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Do planes really fly themselves? Is turbulence dangerous? Can you (or your intestines) get sucked into an airplane toilet? These are the important questions we all ask ourselves as your plane leaves the tarmac (which, by the way, isn't called the tarmac). Let's get into it.

Planes are a marvel of modern technology, but when you're on one, they can often feel like terrifying metal deathtraps. Let's break down the most common myths and misconceptions about flying.

Join host Justin Dodd in an endless pursuit of the truth. If you have your own topic who's misconceptions you'd like to see debunked leave it in the comments!


Mental Floss is the home for all things curious. Subscribe here for new Mental Floss videos every Wednesday at 3pm (and don't forget the bell!):


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As anyone who's watched a movie sat in an airplane knows; a bad guy fireing a gun inside the cabin means certain disaster.  Just one bullet hole can depressurize the air craft causing it to plumet, uncontrolably, into the nearest mountain.  
What follows is a desperate fight for survival, and perhaps, even some cannibalism.  Because, I mean, even if there was airplane food left in the wreckage, would you even wanna? *dum tss*
But does that really make sense? Can one tiny hole in an airplane cabin really bring the whole thing down?  Not really.  
If someone actually fired a weapon in flight the bullet would likely peirce the alluminum siding of the plane, but the air leak would be so minor that the air craft's pressurization system would easily be able to compensate for it.
It is possible to shoot out a window creating a much larger, and potentially passenger sucking problem.  And, it's also not outside the relm of possibility to hit the fuel tank; which could, maybe, possibly, if a lot went wrong, cause an exploson.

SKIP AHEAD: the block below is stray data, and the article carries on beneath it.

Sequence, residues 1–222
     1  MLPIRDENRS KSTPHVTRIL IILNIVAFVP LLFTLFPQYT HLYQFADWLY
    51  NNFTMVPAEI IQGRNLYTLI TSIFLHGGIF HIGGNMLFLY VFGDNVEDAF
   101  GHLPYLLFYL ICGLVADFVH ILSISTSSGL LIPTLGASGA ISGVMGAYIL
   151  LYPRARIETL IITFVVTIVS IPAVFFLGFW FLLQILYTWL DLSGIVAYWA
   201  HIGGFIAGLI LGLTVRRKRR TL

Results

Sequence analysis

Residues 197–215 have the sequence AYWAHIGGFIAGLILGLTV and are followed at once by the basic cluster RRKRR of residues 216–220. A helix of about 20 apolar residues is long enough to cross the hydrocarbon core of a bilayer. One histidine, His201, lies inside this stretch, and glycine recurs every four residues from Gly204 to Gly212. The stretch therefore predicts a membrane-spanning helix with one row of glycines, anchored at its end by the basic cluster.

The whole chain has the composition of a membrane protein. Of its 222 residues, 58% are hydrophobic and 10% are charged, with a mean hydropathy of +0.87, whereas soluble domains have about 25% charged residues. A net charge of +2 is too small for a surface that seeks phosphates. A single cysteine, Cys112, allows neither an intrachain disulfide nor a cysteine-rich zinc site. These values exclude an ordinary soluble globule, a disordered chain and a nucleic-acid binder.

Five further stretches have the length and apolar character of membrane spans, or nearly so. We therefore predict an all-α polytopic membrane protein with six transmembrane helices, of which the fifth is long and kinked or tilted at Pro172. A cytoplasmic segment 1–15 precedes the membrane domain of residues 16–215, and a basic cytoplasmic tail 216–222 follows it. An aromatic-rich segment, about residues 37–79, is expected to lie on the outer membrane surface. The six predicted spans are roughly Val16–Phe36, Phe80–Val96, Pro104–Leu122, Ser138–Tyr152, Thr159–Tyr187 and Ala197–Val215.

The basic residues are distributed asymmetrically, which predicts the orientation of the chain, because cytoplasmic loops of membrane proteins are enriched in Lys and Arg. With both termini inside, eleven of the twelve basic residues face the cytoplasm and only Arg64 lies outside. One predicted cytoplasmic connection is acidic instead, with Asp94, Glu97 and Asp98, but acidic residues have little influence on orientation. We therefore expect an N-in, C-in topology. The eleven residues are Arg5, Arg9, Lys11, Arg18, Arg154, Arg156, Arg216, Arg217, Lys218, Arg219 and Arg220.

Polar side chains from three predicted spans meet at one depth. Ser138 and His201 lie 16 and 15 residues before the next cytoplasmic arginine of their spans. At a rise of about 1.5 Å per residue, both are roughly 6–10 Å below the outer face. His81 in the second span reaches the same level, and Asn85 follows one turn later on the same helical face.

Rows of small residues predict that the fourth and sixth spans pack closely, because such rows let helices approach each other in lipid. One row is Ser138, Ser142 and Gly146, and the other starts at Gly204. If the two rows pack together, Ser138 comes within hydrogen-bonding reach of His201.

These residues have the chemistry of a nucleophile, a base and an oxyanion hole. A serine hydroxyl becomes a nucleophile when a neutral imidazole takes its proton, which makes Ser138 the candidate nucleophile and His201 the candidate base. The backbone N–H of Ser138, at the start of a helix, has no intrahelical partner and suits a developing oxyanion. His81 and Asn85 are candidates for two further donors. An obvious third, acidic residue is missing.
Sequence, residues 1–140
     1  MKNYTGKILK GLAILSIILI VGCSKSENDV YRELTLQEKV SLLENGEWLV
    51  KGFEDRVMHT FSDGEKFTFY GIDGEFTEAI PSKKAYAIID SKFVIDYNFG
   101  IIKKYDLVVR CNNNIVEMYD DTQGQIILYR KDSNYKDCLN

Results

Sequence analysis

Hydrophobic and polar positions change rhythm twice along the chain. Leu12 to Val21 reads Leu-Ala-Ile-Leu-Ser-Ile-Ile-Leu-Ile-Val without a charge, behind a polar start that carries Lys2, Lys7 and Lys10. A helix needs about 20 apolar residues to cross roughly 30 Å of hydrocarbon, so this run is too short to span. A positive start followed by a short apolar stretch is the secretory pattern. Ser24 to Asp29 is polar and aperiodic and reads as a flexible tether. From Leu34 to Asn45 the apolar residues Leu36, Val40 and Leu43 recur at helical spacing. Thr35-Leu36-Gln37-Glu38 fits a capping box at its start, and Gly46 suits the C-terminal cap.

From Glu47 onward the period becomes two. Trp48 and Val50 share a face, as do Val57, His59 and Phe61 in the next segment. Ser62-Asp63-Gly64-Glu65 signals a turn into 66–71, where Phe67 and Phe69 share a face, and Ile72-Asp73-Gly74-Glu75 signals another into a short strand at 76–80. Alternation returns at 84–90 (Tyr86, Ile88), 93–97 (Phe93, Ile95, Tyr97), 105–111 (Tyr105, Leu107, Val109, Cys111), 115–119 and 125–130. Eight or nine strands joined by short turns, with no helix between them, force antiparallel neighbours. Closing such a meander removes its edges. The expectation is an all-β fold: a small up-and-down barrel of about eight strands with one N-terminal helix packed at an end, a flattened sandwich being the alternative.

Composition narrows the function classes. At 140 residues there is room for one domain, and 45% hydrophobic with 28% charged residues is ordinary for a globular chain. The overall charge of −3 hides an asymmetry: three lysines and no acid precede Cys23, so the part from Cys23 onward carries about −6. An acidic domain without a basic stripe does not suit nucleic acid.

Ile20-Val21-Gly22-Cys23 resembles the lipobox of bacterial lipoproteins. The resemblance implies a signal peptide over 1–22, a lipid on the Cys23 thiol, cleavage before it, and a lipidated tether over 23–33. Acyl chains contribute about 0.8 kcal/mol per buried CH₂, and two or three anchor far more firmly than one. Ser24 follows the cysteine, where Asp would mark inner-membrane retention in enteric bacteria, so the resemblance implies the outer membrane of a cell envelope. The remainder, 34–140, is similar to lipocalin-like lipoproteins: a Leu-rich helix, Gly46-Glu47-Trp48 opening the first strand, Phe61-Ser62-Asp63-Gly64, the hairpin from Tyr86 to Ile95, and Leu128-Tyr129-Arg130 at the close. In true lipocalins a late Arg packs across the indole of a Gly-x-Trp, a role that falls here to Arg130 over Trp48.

But, for the most part, fatal bullet holes in planes are a misconception created by Hollywood.  And, its far from the only mistakin idea we have about the air craft.
Hi!  I'm your host Justin Dodd.  Fasten your seatbelts, store your tray table in the upright and locked position, and join me as we get into some of the most popular myths about flying, in this high-altitude edition of Misconceptions.  
*intro music*
While I understand most people aren't nessesarily concerned with a shootout breaking out on a plane, safety in air travel has always been a popular subject.  After all, when you stop to think about it, the idea of a mulit-ton aircraft somehow surging into the clouds and maintaining altitude at or above thirty thousand feet can be a little hard to grasp.  Which brings us to our first misconception.
We understand how flying actually works.
Belive it or not, there's no one simple explanation for how planes stay aloft.

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